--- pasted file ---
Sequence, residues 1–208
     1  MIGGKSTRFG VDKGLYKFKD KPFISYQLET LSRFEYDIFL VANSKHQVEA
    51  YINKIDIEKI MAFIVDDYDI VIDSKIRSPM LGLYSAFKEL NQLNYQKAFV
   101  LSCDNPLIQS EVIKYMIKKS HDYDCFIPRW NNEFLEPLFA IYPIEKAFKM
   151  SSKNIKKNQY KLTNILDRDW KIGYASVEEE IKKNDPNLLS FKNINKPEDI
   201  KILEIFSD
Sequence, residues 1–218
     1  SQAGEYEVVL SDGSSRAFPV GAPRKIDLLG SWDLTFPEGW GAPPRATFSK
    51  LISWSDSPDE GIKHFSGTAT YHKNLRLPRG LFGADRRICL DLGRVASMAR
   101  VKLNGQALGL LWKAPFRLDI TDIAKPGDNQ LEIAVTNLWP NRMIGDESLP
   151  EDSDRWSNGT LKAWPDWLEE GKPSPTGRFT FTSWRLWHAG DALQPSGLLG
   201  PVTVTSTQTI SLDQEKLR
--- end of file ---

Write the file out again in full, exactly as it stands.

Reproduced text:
Sequence, residues 1–208
     1  MIGGKSTRFG VDKGLYKFKD KPFISYQLET LSRFEYDIFL VANSKHQVEA
    51  YINKIDIEKI MAFIVDDYDI VIDSKIRSPM LGLYSAFKEL NQLNYQKAFV
   101  LSCDNPLIQS EVIKYMIKKS HDYDCFIPRW NNEFLEPLFA IYPIEKAFKM
   151  SSKNIKKNQY KLTNILDRDW KIGYASVEEE IKKNDPNLLS FKNINKPEDI
   201  KILEIFSD
Sequence, residues 1–218
     1  SQAGEYEVVL SDGSSRAFPV GAPRKIDLLG SWDLTFPEGW GAPPRATFSK
    51  LISWSDSPDE GIKHFSGTAT YHKNLRLPRG LFGADRRICL DLGRVASMAR
   101  VKLNGQALGL LWKAPFRLDI TDIAKPGDNQ LEIAVTNLWP NRMIGDESLP
   151  EDSDRWSNGT LKAWPDWLEE GKPSPTGRFT FTSWRLWHAG DALQPSGLLG
   201  PVTVTSTQTI SLDQEKLR